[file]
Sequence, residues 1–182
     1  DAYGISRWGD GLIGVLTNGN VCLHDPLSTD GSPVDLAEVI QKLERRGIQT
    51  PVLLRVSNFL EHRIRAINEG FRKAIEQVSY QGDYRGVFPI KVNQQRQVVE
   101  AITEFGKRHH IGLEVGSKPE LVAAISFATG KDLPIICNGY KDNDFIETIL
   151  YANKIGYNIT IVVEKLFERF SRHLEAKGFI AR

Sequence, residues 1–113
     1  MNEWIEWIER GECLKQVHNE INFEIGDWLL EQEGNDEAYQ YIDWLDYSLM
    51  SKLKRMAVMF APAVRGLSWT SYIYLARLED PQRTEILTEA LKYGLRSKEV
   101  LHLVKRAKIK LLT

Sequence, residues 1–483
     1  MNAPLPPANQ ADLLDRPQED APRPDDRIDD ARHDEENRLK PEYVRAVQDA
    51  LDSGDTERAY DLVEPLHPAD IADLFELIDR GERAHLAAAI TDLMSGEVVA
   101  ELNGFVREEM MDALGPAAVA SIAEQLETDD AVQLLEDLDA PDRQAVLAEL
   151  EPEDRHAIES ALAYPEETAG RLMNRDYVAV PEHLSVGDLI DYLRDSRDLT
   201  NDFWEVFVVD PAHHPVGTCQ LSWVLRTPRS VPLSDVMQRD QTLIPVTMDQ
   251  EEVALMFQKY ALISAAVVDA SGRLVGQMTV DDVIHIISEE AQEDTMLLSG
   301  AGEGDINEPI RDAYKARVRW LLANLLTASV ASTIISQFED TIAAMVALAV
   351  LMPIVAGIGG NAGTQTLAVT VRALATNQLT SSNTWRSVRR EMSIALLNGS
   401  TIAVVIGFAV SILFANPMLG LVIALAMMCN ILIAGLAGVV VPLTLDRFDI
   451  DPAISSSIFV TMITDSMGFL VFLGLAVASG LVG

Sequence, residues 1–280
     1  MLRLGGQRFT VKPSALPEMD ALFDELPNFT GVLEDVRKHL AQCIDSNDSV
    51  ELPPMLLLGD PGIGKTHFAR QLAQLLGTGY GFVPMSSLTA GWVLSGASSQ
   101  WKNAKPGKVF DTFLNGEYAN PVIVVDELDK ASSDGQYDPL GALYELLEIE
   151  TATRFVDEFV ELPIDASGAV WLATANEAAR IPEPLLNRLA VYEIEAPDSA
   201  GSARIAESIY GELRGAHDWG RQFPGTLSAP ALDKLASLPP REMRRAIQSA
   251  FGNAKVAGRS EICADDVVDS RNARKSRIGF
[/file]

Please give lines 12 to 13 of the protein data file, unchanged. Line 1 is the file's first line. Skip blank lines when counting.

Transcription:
    51  LDSGDTERAY DLVEPLHPAD IADLFELIDR GERAHLAAAI TDLMSGEVVA
   101  ELNGFVREEM MDALGPAAVA SIAEQLETDD AVQLLEDLDA PDRQAVLAEL